President's house will help Towson U. raise needed funds...


March 22, 2002

President's house will help Towson U. raise needed funds

I read with interest The Sun's reporting on Towson University's new presidential house ("Towson U. finds costly path to proper mansion," March 7, and "College house draws anger," March 8). As executive director of Towson's Center for Applied Information Technology and a member of the presidential search committee that recruited Mark L. Perkins, I would like to state another side of the story.

As a university community, we feel our students deserve the very best. And for years Towson University - Maryland's second-largest public university, with an enrollment of nearly 17,000 - has had to function with proportionately less state funding than almost any other University System of Maryland institution.

Fund-raising has become increasingly important to bridge a widening gap between the needs of our students and the funding provided by the state. Although our efforts gained momentum during the late 1990s, our endowment remains inadequate for a university of our size.

Successful fund-raising requires the university to make an investment that facilitates our efforts. And most institutions in the United States that are similar to Towson have a residence for their president that is suitable for entertaining high-profile prospective friends and donors.

It should also be noted that this is not the president's house. It is the university's house, and will belong to Towson University well past this particular presidency.

A handsome house in one of Baltimore's most charming and desirable neighborhoods is a wise investment for the university.

James P. Clements


Looking at The Sun's coverage of Towson University's president's house, I've had trouble understanding why this issue merited so much more attention than the many fine things the university does.

The public should also know that this campus is the second-largest university in the state and the second-lowest funded of the campuses in the state's university system. Fund-raising is mandatory for my campus to advance the quality of the education students receive.

So give us a break. Our new president has a huge job to do to raise dollars and the university's profile so we can move toward the next level of success.

Ben Whitacre


The writer is president of Towson University's Student Government Association.

Bill of Rights didn't seek to protect substance abuse

I read with dismay the letter "Cigarette tax hike puts unfair burden on state's smokers" (March 13). Perhaps the writer does not realize that smoking is the leading cause of preventable death in the United States. I fail to see how the Bill of Rights was meant to protect a horrible form of substance abuse that is a leading killer of men, women and children.

The writer might instead ponder a bill that makes tobacco an illegal substance.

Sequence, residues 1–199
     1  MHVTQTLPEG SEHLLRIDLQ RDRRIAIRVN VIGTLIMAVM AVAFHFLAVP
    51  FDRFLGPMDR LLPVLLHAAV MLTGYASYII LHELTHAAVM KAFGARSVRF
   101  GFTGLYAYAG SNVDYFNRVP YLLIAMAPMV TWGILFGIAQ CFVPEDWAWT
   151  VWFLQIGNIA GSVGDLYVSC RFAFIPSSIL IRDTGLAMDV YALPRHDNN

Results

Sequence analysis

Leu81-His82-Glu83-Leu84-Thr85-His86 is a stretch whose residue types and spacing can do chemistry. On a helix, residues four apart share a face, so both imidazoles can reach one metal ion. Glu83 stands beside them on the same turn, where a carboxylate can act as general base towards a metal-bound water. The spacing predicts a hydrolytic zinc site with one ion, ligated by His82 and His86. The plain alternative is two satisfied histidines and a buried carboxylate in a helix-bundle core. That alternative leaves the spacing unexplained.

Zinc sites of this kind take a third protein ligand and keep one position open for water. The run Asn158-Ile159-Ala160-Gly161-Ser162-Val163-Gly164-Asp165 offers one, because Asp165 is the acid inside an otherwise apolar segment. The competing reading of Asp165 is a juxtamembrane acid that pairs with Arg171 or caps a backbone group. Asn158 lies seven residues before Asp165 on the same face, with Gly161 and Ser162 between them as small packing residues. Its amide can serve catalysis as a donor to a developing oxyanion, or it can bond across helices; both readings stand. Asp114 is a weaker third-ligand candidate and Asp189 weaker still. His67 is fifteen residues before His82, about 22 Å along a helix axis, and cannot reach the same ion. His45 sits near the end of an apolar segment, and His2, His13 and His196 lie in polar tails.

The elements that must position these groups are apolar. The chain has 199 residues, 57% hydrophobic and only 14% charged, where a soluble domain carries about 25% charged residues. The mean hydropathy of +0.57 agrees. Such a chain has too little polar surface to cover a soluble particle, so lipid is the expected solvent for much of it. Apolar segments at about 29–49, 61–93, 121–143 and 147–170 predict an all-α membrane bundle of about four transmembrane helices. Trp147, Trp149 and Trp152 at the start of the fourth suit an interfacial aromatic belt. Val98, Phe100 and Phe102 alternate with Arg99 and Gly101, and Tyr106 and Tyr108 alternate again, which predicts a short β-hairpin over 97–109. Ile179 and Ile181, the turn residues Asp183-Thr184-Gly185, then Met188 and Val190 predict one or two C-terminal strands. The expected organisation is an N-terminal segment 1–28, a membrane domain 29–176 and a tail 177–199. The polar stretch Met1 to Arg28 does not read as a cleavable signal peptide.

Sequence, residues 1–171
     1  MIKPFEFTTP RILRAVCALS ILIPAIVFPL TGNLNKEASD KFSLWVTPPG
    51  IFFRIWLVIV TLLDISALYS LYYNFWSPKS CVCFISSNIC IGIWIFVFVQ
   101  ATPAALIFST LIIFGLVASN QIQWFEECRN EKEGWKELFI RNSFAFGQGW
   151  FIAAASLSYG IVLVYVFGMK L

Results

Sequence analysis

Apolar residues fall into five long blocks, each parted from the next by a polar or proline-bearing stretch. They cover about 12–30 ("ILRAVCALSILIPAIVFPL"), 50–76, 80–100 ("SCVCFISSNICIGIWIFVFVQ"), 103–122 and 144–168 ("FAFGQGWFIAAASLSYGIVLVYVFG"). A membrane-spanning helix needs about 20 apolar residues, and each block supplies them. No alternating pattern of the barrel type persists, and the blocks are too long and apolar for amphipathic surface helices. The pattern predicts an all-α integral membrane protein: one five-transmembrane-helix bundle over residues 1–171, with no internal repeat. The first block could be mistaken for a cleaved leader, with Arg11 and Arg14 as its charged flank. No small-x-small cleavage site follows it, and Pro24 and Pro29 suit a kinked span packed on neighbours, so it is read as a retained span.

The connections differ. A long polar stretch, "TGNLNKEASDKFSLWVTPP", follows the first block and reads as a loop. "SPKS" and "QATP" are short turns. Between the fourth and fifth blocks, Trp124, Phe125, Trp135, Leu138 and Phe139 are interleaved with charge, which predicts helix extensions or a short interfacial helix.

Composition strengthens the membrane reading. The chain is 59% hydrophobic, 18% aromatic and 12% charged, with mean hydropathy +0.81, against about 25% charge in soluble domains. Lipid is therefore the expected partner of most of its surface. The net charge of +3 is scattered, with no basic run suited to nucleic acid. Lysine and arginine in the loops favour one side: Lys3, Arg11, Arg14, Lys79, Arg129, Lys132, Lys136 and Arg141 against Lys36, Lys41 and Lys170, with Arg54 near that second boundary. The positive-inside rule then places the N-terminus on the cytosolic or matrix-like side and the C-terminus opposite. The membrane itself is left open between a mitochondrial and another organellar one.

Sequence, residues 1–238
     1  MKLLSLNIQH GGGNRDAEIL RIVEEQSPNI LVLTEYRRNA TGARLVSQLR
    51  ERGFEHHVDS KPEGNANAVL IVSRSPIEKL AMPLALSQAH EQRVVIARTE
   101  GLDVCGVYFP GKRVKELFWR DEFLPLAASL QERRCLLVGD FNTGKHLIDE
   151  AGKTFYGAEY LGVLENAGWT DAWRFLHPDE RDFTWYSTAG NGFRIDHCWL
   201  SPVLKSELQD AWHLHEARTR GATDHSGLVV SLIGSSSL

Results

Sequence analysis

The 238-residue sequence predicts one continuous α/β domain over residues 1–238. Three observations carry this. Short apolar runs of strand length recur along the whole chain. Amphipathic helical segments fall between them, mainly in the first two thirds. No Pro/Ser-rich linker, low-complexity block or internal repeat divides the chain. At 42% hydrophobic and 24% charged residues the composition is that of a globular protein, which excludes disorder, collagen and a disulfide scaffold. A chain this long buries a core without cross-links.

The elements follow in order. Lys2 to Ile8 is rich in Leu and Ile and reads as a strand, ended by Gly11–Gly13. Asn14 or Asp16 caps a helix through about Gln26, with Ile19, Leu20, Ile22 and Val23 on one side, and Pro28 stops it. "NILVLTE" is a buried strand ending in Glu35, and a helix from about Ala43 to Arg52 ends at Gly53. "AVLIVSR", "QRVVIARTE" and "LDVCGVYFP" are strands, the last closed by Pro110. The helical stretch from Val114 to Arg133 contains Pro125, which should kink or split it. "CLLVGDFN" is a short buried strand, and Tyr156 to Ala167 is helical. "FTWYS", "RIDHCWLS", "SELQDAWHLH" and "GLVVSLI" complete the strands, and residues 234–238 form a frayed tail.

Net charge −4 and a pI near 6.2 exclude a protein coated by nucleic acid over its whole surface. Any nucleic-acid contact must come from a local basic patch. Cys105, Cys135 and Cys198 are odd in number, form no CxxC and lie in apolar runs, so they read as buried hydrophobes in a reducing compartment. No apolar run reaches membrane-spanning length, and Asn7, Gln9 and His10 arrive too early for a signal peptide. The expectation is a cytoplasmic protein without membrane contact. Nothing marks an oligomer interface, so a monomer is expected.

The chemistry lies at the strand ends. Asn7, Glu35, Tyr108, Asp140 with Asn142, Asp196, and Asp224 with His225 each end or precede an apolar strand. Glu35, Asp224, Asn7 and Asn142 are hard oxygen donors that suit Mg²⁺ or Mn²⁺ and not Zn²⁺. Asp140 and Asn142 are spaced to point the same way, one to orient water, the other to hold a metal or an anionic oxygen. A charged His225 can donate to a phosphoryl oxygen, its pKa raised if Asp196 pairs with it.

Dr. David Solomon


Fiscal restraint, not taxes, is what the state needs

The writer of the letter "With services underfunded, a tax cut makes little sense," (March 9) actually thinks Marylanders should have their taxes raised, to cover a perceived lack of funding for critical programs, instead of getting a tiny tax cut.

I think the problem is not a lack of money, but a lack of leadership, fiscal self-control and spending restraint.

However, I am sure state Comptroller William Donald Schaefer will personally come by the writer's home to pick up any additional money he wants to donate to the state treasury.

Greg Muth


Death of a football star inspires little empathy

If store clerk Richard D. Kosinski had been shot and killed during an armed robbery at Modern Discount Liquors at the hands of Derrick L. Breedlove, would it have been front-page news in The Sun ("Football star shot holding up store," March 14)? I doubt it.

Unlike his attacker, Mr. Kosinski was not a rising football star with a scholarship awaiting him. He was simply a law-abiding citizen trying to provide for his family.

Yet Mr. Breedlove allegedly terrorized Mr. Kosinski's establishment not once but on three separate occasions in less than a month, and we're asked to empathize with his friends and family as to what might have been?

The moral to this story is: Actions have consequences.

Matt McElwee


Hiring outside choruses will be more costly to BSO

In the letter "Keeping chorus would be too costly" (Feb. 16), Baltimore Symphony Orchestra Board Chairman Calman Zamoiski stated that it could cost up to $500,000 to maintain the Baltimore Symphony Chorus. That is a red herring.

The current year's budget included approximately $150,000 in expenses to support the mostly volunteer chorus. This expenditure represents less than 0.6 percent of the BSO's $26 million budget.

Any truly great orchestra will perform choral works. When the BSO performs these works in the future, the expense of bringing in outside choruses will likely exceed the cost of continuing the Baltimore Symphony Chorus.

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